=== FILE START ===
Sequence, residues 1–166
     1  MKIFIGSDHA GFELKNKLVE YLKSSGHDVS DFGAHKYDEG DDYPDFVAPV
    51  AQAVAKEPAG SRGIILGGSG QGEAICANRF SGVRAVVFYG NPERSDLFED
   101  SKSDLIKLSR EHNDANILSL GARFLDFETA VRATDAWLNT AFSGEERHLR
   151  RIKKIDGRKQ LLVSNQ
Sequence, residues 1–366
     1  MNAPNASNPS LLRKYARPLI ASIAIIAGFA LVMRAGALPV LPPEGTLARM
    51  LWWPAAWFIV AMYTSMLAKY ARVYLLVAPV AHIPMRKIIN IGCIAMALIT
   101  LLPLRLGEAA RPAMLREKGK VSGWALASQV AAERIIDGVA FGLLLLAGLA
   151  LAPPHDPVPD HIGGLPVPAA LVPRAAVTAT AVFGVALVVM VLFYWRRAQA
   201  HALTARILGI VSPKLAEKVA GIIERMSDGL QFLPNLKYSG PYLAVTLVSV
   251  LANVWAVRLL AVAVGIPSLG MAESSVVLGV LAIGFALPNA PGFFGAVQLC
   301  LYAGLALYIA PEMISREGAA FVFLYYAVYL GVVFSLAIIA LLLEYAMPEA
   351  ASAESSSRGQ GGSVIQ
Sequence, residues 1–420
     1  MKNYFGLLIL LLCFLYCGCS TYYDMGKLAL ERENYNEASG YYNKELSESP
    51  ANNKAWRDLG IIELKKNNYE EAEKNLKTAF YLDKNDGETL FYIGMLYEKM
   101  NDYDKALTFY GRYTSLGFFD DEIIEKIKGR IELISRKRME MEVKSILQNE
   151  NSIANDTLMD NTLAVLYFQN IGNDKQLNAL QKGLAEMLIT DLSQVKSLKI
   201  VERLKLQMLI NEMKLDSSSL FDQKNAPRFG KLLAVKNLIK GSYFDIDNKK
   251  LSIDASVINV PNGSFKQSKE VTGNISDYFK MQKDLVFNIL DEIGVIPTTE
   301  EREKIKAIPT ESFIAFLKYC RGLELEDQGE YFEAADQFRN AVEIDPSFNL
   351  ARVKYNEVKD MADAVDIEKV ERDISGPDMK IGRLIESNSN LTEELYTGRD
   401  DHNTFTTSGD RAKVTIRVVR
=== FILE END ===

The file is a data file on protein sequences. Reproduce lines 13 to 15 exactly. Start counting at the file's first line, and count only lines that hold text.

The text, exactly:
   301  LYAGLALYIA PEMISREGAA FVFLYYAVYL GVVFSLAIIA LLLEYAMPEA
   351  ASAESSSRGQ GGSVIQ
Sequence, residues 1–420